Also, you deleted a paragraph which wasn't even about Ashoka, and then you deleted the Ashoka claim even though right in there there was already a referenced statement that calls the Ashoka claims a historical mistake. That is how Wikipedia works - not by deleting something, even though many might consider it untruth (or even though it may actually be wrong!). Wikipedia is not about truth - Wikipedia is about giving an account of the information that is available. And that requires both the Ashoka claim to be made, and the counter-arguments to be included as well - rather than removing part of the discussion. Regards Ingolfson (talk) 06:15, 25 August 2008 (UTC)
My apologies, I accidentially had you on the OTHER side of the argument. You ARE saying Asoka built hospitals. But actually, that doesn't change much at all. Both sides of the argument still deserve to be heard, and including three lines of historical criticism from a university research paper are certainly not undue weight. Ingolfson (talk) 06:37, 25 August 2008 (UTC)

No problem, I understand that we only need to have one mention of 'hospital w.r.t. early south Asia'. If there is going to be that one mention then either Piercey & Scarborough or Stanley Finger are the most reliable versions at hand. Personally I think that even using both Piercey & Scarborough and Stanley Finger in one article to cover 'hospital w.r.t. early south Asia' is undue weight. One source on 'hospital w.r.t. early south Asia' is good enough since they're both detailed.

Now adding anything else is just undue weightage. Having given my reasoning, do I have your go-ahead to remove the other mention which says the same thing and the undue weightage of 'The Nurses should be able to Sing and Play Instruments'? (which may have been nessesary prior to the introduction of Piercey & Scarborough) A research paper that seems to have placed and Oxford University Press books and the Encyclopedia Britannica under the label of 'history 101' is really not credible. We should also remove 'Ancient Asia' heading. All the best :-)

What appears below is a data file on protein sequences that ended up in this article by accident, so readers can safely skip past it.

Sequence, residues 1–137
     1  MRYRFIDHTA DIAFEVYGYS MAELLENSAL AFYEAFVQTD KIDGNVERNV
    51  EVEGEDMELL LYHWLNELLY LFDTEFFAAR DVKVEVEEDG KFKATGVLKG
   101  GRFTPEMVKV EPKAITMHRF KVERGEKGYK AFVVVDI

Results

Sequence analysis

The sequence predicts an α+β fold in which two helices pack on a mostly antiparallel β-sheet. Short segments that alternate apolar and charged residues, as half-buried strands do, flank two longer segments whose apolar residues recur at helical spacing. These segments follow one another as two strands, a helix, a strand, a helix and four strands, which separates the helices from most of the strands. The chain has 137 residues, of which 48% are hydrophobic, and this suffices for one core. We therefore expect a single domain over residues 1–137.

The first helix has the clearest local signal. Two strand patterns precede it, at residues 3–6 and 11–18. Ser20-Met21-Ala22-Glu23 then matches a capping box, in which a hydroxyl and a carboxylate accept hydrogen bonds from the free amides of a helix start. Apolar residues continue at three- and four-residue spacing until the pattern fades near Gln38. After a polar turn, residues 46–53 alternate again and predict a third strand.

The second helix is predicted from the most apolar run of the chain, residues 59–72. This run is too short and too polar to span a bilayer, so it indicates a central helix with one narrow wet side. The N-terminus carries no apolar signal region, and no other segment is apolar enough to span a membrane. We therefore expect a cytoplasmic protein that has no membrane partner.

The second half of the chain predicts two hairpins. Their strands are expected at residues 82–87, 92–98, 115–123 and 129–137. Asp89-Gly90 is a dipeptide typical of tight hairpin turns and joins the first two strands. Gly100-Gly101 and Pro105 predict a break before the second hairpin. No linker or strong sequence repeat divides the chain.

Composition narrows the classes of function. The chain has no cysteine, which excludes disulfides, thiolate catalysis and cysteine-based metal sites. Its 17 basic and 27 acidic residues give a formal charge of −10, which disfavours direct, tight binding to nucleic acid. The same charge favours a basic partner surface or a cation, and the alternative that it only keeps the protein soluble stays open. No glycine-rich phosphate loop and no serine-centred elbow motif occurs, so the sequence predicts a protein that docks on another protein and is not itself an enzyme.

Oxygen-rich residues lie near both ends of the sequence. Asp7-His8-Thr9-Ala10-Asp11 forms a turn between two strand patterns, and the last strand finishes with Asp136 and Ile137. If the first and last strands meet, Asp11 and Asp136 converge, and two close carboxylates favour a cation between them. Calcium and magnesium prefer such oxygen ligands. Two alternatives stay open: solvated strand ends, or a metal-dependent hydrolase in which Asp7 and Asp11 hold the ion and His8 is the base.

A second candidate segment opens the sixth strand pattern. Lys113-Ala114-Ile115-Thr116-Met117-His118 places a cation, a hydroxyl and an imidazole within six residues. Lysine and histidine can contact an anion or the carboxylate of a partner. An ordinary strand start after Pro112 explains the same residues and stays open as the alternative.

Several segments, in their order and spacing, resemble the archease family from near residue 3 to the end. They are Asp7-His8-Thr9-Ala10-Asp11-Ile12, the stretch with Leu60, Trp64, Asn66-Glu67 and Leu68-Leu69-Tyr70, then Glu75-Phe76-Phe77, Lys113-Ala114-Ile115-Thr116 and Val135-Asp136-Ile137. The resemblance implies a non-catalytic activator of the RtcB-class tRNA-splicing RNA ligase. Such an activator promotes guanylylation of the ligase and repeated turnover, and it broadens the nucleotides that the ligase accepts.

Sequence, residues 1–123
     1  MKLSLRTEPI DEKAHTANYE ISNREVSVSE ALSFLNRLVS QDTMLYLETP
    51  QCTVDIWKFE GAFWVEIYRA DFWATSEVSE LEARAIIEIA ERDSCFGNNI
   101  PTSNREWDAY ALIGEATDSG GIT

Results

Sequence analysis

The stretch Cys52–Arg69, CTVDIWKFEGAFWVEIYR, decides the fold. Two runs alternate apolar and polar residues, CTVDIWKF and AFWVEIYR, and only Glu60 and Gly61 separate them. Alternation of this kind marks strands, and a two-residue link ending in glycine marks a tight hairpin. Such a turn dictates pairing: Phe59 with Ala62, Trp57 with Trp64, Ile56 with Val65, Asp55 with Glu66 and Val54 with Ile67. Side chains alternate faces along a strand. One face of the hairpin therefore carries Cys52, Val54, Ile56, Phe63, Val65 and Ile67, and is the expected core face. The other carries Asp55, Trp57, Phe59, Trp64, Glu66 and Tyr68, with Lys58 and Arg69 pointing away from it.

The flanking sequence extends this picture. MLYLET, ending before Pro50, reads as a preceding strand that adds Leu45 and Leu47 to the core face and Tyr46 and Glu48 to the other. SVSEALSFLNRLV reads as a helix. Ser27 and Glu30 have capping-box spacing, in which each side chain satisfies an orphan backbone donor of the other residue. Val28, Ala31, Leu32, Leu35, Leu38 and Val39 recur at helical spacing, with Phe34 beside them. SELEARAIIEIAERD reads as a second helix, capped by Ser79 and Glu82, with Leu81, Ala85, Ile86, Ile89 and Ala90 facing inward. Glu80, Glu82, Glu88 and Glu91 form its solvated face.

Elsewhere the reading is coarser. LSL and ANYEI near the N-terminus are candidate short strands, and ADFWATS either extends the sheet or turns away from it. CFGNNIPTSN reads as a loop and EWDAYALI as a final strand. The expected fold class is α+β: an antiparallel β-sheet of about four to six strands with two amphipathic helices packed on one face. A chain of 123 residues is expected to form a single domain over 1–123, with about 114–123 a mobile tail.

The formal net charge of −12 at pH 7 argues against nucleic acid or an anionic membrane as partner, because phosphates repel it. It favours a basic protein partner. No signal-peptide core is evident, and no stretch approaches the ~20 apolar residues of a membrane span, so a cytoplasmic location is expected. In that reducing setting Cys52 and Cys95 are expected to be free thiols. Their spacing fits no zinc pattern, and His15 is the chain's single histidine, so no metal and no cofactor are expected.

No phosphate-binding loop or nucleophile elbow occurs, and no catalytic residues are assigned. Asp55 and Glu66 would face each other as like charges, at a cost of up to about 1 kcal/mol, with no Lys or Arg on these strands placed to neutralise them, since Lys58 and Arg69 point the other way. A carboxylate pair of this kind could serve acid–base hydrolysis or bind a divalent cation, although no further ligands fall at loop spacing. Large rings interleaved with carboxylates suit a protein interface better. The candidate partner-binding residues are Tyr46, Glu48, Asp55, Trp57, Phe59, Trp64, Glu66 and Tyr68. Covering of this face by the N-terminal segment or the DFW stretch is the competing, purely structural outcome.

JSR (talk) 11:12, 25 August 2008 (UTC)

Uhm, no. You do not seem to get my point. You want to remove this - apparently because it irks your sensibilities and also because you apparently feel that including something that's contrary to the content of what you consider good sources should not be on Wikipedia? Your P&B section says Ashoka built hospitals. Wujastyk (stop saying the name of his paper if it irks you) says: "No, that is a mistake made by other historians. Ashoka didn't build any hospitals." If you remove this, you would ignore (worse, now that you know it, misrepresent) the fact that there is obviously a historian dispute here.
As for undue weight (Wujastyk might just be a drunk art student trying his hand a writing a medical history paper, after all), well, Wujastyk is "Wellcome Trust Senior Research Fellow, Wellcome Trust Centre for the History of Medicine at UCL". Now I don't claim that this told me jack squat ten minutes ago, but it checks out, he is listed on the staff website of a major university, jadda jadda jadda.... - any criteria for a reasonable reference is clearly given. Right or wrong, his opinion is notable.
So, in short - no, you do not have my agreement to remove this. If you feel there is duplication, please go ahead and combine sections, but do not remove the references and the disagreement spelled out here, please. Regards, Ingolfson (talk) 11:45, 25 August 2008 (UTC)
Lets keep our comments to the material and not to each other. Let me see: Britannica for Ceylon and India, Wujastyk for counter-Ashoka, and Finger for counter-Wujastyk. Done. JSR (talk) 14:17, 25 August 2008 (UTC)

The Chester County Hospital[edit]

== The Chester County Hospital ==
701 East Marashall Street
West Chester, PA 19380

The Chester County Hospital is an independent, not for profit hospital located in the heart of Chester County. David Dennis (talk) 18:46, 7 December 2008 (UTC)

Hospital Costs[edit]

Base hospital rates are significantly more expensive than than the nightly rate for the least expensive room of the "Seven Star" [Burj Al Arab Hotel] luxury hotel, a building whose construction cost more than a billion dollars, and was surely every bit as expensive per room as a hospital, if not more so. That hotel has a full-time professional dedicated to satisfying each individual guest's every need, who I am sure is paid at least as much as a hospital nurse.

Hospitals do not have full-time doctors or nurses assigned to each patient, and are downright uncomfortable compared to the Aurj Al Arab. Furthermore, most hospitals lose money while the Burj Al Arab certainly makes money.

When I spent a night in a hospital, I received less than half an hour of a doctor's time, maybe an hour or so of a nurse's time and yet was billed over $8,000. My insurers got that to $3,000. I wouldn't have thought the services I got were worth $300, particularly since service was slow, and I spent lots of time waiting around.